An inland province of Asia Minor bounded north by Bithynia and Galatia, east by Cappadocia, south by Lycia, Pisidai, and Isauria, and west by Mysia, Lydia, and Caria. It was called Phrygia Pacatiana, and also Phrygia Major, in distinction from Phrygia Minor, which was a small district of Mysia near the Hellespont, occupied by some Phrygians after the Trojan War. The eastern part of Phrygia Major was also called Lycaonia. This region was a high table land, fruitful in corn and wine, and celebrated for its fine breed of cattle and of sheep. Of the cities belonging to Phrygia, Laodicea, Hierapolis, Colosse, and Antioch of Pisdia, are mentioned in the New Testament. St. Paul twice traveled over it, preaching the gospel, Ac 2:10; 16:6; 18:23.
dry, an irregular and ill-defined district in Asia Minor. It was divided into two parts, the Greater Phrygia on the south, and the Lesser Phrygia on the west. It is the Greater Phrygia that is spoken of in the New Testament. The towns of Antioch in Pisidia (Ac 13:14), Colosse, Hierapolis, Iconium, and Laodicea were situated in it.
The W. part of the center of Asia Minor; varying in its definition at different times, and contributing parts to several Roman provinces (Ac 2:10). Paul passed through Phrygia in his second (Ac 16:6) and third (Ac 18:23) missionary journeys. An ethnological not political division. The Taurus range separated Phrygia from Pisidia on the S.; Caria, Lydia, Mysia, Bithynia were on its W. and N.; Galatia, Cappadocia, and Lycaonia on the E. It is a tableland. The Phrygia meant in Scripture is the southern portion (called "greater Phrygia") of the region above, and contained Laodicea, Hierapolis, Colosse, and Iconium. It was peopled by an Indo Germanic race from Armenia, who formed the oldest population of Asia Minor.
The Phrygians were an Aryan race who seem to have had their first home in Thrace, and to have crossed into Asia through the same southward movement of tribes that brought the Hellenes into Greece. In Asia they occupied at one time the greater part of the country W. of the Halys, probably displacing a Semitic race from whom they may have learned the worship of Cybele. We must regard Homer's Trojans as part of the Phrygian race, and the Trojan War as a contest between them and Greek settlers from Thessaly. In more historical times the name Phrygia applies to an inland region varying in extent at different times, but bounded at its widest by the Sangarius on the N., the Halys on the E., the Taurus range on the S. It thus covered the W. part of the great plateau of Asia Minor and the upper valleys of the rivers M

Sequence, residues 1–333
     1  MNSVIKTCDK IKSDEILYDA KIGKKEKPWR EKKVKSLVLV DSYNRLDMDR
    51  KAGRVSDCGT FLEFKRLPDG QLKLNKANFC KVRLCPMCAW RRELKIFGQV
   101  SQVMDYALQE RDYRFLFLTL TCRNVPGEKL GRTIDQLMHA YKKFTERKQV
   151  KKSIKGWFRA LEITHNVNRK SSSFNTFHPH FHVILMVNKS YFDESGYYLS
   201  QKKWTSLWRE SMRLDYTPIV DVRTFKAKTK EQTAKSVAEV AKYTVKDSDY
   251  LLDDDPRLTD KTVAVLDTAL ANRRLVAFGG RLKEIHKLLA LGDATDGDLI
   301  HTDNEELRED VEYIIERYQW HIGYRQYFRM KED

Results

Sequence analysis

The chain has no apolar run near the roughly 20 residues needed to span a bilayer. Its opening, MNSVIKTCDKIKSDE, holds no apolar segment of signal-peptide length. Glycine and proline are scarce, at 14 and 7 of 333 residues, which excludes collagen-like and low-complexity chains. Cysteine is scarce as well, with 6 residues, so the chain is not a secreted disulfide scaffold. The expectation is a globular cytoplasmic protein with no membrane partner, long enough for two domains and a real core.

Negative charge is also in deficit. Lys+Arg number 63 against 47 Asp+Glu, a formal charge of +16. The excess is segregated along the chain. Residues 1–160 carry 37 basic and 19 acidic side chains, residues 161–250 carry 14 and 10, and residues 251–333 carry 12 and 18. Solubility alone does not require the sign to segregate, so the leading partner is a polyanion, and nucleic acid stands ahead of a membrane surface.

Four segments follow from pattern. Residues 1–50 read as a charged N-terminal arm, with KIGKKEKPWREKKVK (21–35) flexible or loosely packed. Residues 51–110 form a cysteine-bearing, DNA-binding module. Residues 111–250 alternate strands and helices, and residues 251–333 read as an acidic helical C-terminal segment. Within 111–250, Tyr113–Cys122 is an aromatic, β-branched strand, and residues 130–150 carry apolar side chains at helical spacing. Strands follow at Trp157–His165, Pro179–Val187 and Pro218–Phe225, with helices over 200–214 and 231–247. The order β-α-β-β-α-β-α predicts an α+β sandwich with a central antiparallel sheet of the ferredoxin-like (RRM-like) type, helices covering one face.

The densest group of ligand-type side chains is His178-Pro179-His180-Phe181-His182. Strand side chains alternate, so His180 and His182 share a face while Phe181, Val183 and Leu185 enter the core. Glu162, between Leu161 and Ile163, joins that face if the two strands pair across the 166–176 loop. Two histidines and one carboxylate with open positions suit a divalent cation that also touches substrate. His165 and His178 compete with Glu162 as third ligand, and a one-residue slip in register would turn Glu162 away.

(dry, barren). Perhaps there is no geographical term in the New Testament which is less capable of an exact definition. In fact there was no Roman province of Phrygia till considerably after the first establishment of Christianity in the peninsula of Asia Minor. The word was rather ethnological than political, and denoted in a vague manner the western part of the central region of that peninsula. Accordingly, in two of the three places where it is used it is mentioned in a manner not intended to he precise.
By Phrygia we must understand an extensive district in Asia Minor which contributed portions to several Roman provinces, and varying portions at different times. (All over this district the Jews were probably numerous. The Phrygians were a very ancient people, and were supposed to be among the aborigines of Asia Minor. Several bishops from Phrygia were present at the Councils of Nice, A.D. 325, and of Constantinople, A.D. 381, showing the prevalence of Christianity at that time --ED.)